|Year : 2000 | Volume
| Issue : 2 | Page : 91-92
Multiple keratoacanthomas of hands simulating discoid lupus erythematosus
Adarsh Chopra, Manjit Kaur, Dimple Chopra
A 38-year-old woman presented with multiple, well-defined, erythematous, scaly, slightly painful nodules progressing to plaques on the palms, dorsa of fingers of both hands since 6 years. Healed lesions had well-defined hyperpigmented margins with slight central atrophy. Clinical diagnosis of discoid lupus erythematosus was made, but histopatholgoy confirmed the diagnosis of keratoacanthomas
|How to cite this article:|
Chopra A, Kaur M, Chopra D. Multiple keratoacanthomas of hands simulating discoid lupus erythematosus.Indian J Dermatol Venereol Leprol 2000;66:91-92
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Chopra A, Kaur M, Chopra D. Multiple keratoacanthomas of hands simulating discoid lupus erythematosus. Indian J Dermatol Venereol Leprol [serial online] 2000 [cited 2019 Jul 20 ];66:91-92
Available from: http://www.ijdvl.com/text.asp?2000/66/2/91/4880
Multiple keratoacanthomas are rare as compared to solitary keratoacanthomas. There are two variants of multiple keratoacanthomas - the multiple self healing epitheliomas of the skin or Ferguson - Smith type, and the eruptive keratoacanthomas or Grzybowski type. Multiple self-healing keratoacanthomas usually occur on face and extremities but it can occur on any part of the body including mucous membranes, palms and soles.  Generally there are no more than a dozen lesions at any one time. Keratoacanthomas reach their full size within 6 to 8 weeks and then involute spontaneously but slowly in less than 6 months. Healing take place with slightly depressed scars. 
A 38-year-old woman presented with 6 years' history of spontaneous eruption of multiple, well defined, slightly erythematous, scaly nodules to plaques of variable sizes over both the palms and dorsa of fingers. Each lesion started as a small nodule which slowly increased in size and developed into scaly plaques in one to two months time and.persisted for 2-3 months and then involuted slowly but spontaneously leaving an area with hyperpigmented border and central atrophy [Figure 1]. New lesions continued to appear on her finger creases and palms.
The lesions were painful and interfered with her work. At the time of presentation healed as well as active lesions were present. There was history of photosensitivity, otherwise there was no history of fever, joint pains, Raynaud's phenomenon or any seasonal variations. On physical and systemic examination no abnormality was detected except mild anaemia. Patient was a manual worker (Floor sweeping and utensil cleaning). There was no similar family history. Clinically, possibility of discoid lupus erythematosus of palms was considered and biopsy was taken from the border of active lesion.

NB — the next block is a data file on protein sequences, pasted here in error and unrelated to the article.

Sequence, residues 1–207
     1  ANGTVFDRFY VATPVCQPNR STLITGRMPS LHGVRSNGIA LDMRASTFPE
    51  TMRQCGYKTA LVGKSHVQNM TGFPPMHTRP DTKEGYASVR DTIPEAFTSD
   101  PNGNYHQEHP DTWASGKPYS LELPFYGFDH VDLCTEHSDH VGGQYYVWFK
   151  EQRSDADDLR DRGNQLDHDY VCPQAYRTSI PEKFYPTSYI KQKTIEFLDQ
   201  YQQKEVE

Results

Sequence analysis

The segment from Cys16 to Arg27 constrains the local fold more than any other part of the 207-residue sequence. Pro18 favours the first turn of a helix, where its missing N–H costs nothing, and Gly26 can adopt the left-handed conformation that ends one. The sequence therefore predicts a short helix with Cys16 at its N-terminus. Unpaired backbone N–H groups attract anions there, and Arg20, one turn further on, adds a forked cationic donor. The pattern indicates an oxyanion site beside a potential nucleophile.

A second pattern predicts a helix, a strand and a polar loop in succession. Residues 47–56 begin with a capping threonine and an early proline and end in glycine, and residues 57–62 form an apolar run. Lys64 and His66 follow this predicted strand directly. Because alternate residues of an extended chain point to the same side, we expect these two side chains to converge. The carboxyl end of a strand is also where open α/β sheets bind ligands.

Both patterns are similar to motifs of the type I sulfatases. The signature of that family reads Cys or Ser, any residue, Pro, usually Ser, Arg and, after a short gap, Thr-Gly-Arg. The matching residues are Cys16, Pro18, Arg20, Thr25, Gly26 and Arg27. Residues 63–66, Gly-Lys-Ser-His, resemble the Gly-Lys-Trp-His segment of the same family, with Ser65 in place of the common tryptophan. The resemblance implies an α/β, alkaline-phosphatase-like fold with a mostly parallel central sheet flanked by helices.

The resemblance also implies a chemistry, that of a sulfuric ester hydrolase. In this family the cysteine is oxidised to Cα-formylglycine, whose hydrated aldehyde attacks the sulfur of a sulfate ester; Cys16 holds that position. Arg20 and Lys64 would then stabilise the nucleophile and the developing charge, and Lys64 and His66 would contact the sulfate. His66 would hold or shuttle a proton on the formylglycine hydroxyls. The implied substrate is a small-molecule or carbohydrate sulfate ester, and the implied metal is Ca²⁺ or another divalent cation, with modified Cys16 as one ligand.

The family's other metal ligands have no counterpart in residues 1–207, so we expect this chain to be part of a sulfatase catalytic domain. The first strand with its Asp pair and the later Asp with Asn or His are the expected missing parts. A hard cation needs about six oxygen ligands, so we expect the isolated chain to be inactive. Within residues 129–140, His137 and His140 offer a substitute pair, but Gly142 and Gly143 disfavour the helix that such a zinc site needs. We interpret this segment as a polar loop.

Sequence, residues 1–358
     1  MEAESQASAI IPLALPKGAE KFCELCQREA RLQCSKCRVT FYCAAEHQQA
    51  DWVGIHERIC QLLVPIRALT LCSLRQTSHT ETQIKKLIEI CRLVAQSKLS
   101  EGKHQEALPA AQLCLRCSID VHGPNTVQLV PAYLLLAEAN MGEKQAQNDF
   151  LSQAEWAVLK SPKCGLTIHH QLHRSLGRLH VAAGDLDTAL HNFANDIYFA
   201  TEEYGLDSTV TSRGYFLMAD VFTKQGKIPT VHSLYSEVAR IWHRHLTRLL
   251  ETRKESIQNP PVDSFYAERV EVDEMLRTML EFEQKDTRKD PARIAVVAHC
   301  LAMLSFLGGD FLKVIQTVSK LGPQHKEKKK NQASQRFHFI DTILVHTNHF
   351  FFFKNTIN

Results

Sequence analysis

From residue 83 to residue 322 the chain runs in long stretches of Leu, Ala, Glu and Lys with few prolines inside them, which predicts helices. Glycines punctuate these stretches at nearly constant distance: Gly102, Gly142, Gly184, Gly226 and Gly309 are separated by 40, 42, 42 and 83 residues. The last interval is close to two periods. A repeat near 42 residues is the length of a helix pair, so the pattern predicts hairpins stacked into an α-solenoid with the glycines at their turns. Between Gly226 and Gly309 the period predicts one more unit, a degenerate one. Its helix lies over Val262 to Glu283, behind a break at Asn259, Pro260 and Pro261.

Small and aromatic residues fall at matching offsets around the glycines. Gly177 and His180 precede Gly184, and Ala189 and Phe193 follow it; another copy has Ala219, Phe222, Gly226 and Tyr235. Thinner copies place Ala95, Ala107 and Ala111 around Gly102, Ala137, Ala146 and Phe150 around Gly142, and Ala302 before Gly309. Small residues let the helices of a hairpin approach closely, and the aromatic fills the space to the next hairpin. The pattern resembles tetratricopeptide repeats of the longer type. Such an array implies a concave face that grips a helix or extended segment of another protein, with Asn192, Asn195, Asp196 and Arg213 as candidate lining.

Investigations revealed that her haemoglobin was low as 8.5 gm%. Other investigations including total and differential leukocyte counts, complete urinalysis, fasting blood sugar, blood urea, serum creatinine, total and differential serum proteins were all within normal limits. ESR was 40 mm in 1st hour. X-ray chest and hands were normal.
Report of biopsy stained with haematoxylin and esosin under light microscopy revealed a keratin filled invagination of the epidermis. The epidermis was acanthotic and strands of epidermis were protruding into the dermis. At places the epidermal strands were poorly differentiated from the surrounding stroma. The epidermis in some areas was giving a glassy, eosinophlic appearance. Dyskeratotic cells showing individual cell keratinization were present. Extensive lichenoid infiltrate was present at dermoepidermal junction and around sweat glands. Histopathological diagnosis of multiple self healing keratoacanthomas was made.
Robert et al (1964) reported a woman patient with the rare eruptive variant of multiple keratoacanthomas over face, scalp, shoulders, anterior chest with lesions on the palms, soles and in the larynx.  In multiple, as in solitary keratoacanthomas, lesions arising in hair bearing parts of the skin have their onset in the upper portion of hair follicle. The evolution and regression of these tumours parallel the known cyclic behaviour of hair follicle, and accounts for the "self healing" propensity of keratoacanthomas. The sites of origin of lesions arising on the palms, the soles, and the mucous membranes is not apparent' but sunlight and mechanical trauma is considered as one of the aetiological factor.  In our patient there was strong positive history of photosensitivity and she was a manual worker. For her livelihood she used to sweep and clean the floors and utensils in many houses. This mechanical trauma may be the precipitating cause in our patient. We report this case because of its rare isolated presentation over palms and fingers only.
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